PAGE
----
One day, Jesus was driving out a demon, which was mute. When the demon had been driven out, the mute person could speak, and the people were amazed. Yet some of them said, “He drives out demons by the power of Beelzebul, the chief of the demons.” Others wanted to put him to the test, by asking him for a heavenly sign.
But Jesus knew their thoughts, and said to them, “Every nation divided by civil war is on the road to ruin, and will fall. If Satan also is divided, his empire is coming to an end. How can you say that I drive out demons by calling upon Beelzebul? If I drive them out by Beelzebul, by whom do your sons drive out demons? They will be your judges, then.
But if I drive out demons by the finger of God; would not this mean that the kingdom of God has come upon you? As long as a man, strong and well armed, guards his house, his goods are safe. But when a stronger man attacks and overcomes him, the challenger takes away all the weapons he relied on, and disposes of his spoils.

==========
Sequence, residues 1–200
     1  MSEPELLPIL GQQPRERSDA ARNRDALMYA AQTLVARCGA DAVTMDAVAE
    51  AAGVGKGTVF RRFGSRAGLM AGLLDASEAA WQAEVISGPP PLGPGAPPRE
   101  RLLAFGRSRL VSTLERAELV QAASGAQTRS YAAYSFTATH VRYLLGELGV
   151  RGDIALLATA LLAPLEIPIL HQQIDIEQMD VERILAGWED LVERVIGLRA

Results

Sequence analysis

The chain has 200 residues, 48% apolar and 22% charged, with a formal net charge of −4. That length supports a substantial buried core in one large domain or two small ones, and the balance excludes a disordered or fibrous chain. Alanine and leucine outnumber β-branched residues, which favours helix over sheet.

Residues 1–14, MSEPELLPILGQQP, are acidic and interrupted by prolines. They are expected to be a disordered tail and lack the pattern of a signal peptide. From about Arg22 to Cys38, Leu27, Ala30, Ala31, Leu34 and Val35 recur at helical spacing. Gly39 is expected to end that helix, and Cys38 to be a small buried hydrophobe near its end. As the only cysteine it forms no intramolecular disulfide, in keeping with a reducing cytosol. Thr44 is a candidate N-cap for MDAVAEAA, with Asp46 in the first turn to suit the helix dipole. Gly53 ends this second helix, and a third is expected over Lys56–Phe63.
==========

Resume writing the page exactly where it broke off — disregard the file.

Whoever is not with me is against me, and whoever does not gather with me, scatters.
There is something almost pathetic in the way some of the enemies of Jesus are so desperate in their search for means of discrediting him that they are reduced to grasp at straws and fall back on such ludicrous reasonings that even a child would see through them and point out their lack of logic.
In today’s gospel reading these enemies of Jesus, unable to deny that he does indeed successfully perform public exorcisms that everybody can witness, resort to a ludicrous explanation of these phenomena, attributing the exorcisms to Beelzebul’s power (the prince of demons) acting through Jesus. The latter easily refutes this with a common sense argument. Why would Satan kick his own demons out of humans? It would be like General X ordering Captain Y to shoot the men of his own army!
Only a deep lack of honesty can bring people to resort to convoluted arguments for rejecting the truth when it is staring them in the face. Let us examine ourselves in this respect. Do we always call a spade a spade—or do we often not try to call it something else?
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